Jewel enters the python’s domain.
Jewel enters the python’s domain.

Next, we went to the see Prony, the famous python of Bohol. Or at least what remains of that magnificent reptile that died more than a year before. When we arrived, I wanted to go in with the others, not because of the attraction but because Prony’s caretakers are distant relatives of mine from my mother’s side. But by then the lack of sleep was getting to me, so I just took a picture of the others going in, then bought myself 25.8 gallons of Red Bull in a desperate effort to keep my energy up.

Entrance fee costs P30. At the entrance there is a vendor selling one of the most delicious and fluffy Binangkal I have ever tasted. It is a must-try if you go there.

Once they had their fill of python remains, attention-depraved animals, and a gender-challenged tour guide named Marimar, we all finally started for our next destination –the river cruise.

En route, there was a debate whether we should go for the Loboc river cruise, which is the more popular one, or the cruise in Loay River. What finally decided it for us was our growling tummies. By unanimous decision, we opted for the nearer one, wanting to devour tons of seafood as soon as possible.

The river cruise in Loay costs P350 per person, plus an additional P50 tax fee that caught all of us by surprise.

Loay river cruise counter
Loay river cruise

The cruise was quite an eye opener. Back when I spent some time in Bohol there were no river cruises like this, and at first it struck me as a really good way to promote local tourism.

It took quite a while before we were allowed to eat as we had to wait for other tourists to arrive and for the cruise to start. When they finally let us eat though, I can say it was worth the wait. The food was excellent and there were several dishes to choose from. Hungry as I was though, I only had seconds. Some of us had thirds and fourths and even fifths, but I’m not naming names. Just ask my buddy Rod of

Chow time

What really got to me though were the “sights” along the cruise. First stop was at a floating stage where talented Boholanos performed the Philippine national dance Tinikling. Being Filipino, I found nothing extraordinary at first, but then towards the end they picked up the tempo and were dancing and banging those bamboo poles so hard that I thought the stage would sink.


Next stop was at a “village” where lumads, or indigenous people, performed spectacular dances, exhibited exotic animals, sold souvenirs, and posed with the tourists. What really got to me was that years before I have experienced living with lumads, I saw firsthand their way of living and their culture, but this show, for lack of better term, seemed to me no more than exploitation for the sake of tourism. Label me what you want, but I did not enjoy that part of the cruise.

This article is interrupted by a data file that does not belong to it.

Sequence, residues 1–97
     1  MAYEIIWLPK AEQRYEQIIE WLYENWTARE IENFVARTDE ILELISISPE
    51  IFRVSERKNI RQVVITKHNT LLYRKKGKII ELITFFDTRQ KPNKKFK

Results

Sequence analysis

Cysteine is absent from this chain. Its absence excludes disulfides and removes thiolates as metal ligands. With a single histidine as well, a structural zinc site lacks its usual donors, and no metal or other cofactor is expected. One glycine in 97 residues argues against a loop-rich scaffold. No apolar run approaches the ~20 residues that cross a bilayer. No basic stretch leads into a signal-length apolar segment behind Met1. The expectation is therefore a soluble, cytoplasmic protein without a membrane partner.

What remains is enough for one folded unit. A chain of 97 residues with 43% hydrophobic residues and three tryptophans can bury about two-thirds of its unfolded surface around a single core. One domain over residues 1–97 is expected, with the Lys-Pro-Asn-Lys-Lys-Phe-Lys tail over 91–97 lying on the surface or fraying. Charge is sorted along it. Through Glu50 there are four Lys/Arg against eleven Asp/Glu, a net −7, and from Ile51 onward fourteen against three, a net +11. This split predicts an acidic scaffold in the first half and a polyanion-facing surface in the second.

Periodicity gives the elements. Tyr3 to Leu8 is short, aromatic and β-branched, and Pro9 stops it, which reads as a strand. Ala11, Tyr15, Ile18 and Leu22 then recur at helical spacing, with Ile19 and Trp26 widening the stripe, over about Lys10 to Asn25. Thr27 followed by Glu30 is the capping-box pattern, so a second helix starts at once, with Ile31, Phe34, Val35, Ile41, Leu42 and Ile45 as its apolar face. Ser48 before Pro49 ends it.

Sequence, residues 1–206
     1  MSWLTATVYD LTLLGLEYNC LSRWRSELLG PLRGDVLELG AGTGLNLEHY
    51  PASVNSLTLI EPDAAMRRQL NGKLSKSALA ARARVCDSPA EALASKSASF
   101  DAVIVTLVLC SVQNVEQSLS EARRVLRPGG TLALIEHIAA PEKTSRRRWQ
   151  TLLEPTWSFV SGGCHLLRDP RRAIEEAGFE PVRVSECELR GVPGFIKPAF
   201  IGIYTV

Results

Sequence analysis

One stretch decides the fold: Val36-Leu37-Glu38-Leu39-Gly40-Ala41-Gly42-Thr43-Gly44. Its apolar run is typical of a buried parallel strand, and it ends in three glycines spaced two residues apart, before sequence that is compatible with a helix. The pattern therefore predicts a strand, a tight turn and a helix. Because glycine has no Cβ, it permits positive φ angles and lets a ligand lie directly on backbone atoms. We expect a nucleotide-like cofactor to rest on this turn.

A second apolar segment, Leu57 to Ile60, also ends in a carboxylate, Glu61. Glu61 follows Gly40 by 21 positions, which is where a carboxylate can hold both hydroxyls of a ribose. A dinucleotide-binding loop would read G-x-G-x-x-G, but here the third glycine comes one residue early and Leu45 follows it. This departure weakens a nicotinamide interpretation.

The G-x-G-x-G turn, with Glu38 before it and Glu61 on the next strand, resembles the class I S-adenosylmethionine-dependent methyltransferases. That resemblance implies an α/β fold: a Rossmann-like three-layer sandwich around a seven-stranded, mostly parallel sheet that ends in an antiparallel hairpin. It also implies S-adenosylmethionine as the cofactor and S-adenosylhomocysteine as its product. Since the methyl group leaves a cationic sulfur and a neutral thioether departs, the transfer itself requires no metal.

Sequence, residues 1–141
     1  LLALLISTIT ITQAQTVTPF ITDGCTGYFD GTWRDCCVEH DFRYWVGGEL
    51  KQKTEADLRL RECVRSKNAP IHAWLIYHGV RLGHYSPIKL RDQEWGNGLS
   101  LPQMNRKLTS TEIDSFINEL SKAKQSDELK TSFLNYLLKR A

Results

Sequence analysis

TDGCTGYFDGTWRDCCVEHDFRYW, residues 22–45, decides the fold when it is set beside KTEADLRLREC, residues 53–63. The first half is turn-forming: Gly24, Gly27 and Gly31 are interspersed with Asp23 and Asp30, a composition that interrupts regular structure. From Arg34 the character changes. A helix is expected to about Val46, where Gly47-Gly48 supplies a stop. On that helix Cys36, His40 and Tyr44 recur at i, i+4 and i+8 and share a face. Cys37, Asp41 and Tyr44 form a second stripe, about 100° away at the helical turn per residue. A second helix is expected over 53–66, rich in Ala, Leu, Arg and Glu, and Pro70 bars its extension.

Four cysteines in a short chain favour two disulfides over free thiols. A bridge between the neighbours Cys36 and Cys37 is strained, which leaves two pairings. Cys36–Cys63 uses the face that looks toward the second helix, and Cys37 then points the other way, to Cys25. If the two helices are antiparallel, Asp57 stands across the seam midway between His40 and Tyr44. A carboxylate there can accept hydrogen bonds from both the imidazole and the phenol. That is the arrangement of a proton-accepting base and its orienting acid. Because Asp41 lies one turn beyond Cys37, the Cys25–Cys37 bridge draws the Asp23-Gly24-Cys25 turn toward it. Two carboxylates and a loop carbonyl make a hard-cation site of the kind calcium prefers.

After the cruise, our next stop was the Chocolate Hills in Carmen. I was particularly looking forward to it as I knew that some of the hills, and even the main viewing deck, were affected by the earthquake and I wanted to document them.

It was quite a long way from Loay to Carmen, so we all had the chance to catch a few minutes of sleep and recharge our bodies.

When we arrived at the Chocolate Hills viewing area, it was already raining hard. Not allowing the rain to dampen our adventure, we decided to go inside the building that served as the office to wait out the rain. And when the rain finally stopped, we were treated by a spectacular view of the rolling hills, made even more spectacular as the rain cleared the early morning fog.

There is a P50 entrance fee at the viewing deck. There are other activities also being offered, such as an ATV ride, but I was too focused on getting my landscape shots that I did not bother much with them.

By the time we arrived on top of the viewing deck the sun was already raging, as if angry at the rain for trying to ruin our adventure. As much as we appreciated it when the rain stopped, the sun’s heat was just too much. So after a few landscape and group shots we made our way down.

After the Chocolate Hills, some of us wanted to just go directly to Panglao and enjoy the remaining daylight communing with nature by the beach. But Bohol still had a few notable spots that we just had to go to.

Like for instance this man-made forest in Bilar.

Bilar man-made forest
Hanging bamboo bridge

And this bamboo hanging bridge in Tigbao, listed by CNN as one of the world’s most spectacular foot bridges.

Eventually the lack of sleep and all the day’s adventure got to us. So after braving the hanging bridge, we finally headed back to Tagbiliran city where we stopped over to buy major necessities like booze, and minor ones like food, before heading on to Panglao Island.

By the time we arrived I was too tired and sleepy to fully appreciate the island’s beauty, so I just took a few pictures before stowing away my camera for the night and enjoyed the company of booze, I mean, awesome friends.

Bohol at night
Night with friends

Needless to say, the next hours were the highlight of the day for me. As much as I like traveling and taking pictures, nothing beats spending the night with people as insane as you are. Thanks guys and gals!That was an awesome night. :)

So after all that long-winded narrative, did I succeed in chasing the Bohol that I knew?

Mostly, yes. I did not find the Bohol I knew before, but it was because I have romanticized the years I spent there. Perhaps if I went alone and traveled the back roads that I knew so well, I might just have exorcised my demons, or relived my fond memories of Bohol.

All in all, Bohol is one of those islands in the Visayas that remains largely unchanged despite the threat of urbanization. Its waters remain pristine, the valleys and hills as awe-inspiring as they were before the earthquake, and the Boholanos as cheerful and accommodating as they always have been.

So if you have plans of going to Bohol, trust me, you would not regret it. Book that flight now!

And oh, by the way, if you have not guessed by now, I am also a hobbyist photographer. You can view the rest of my Bohol photos at my blog.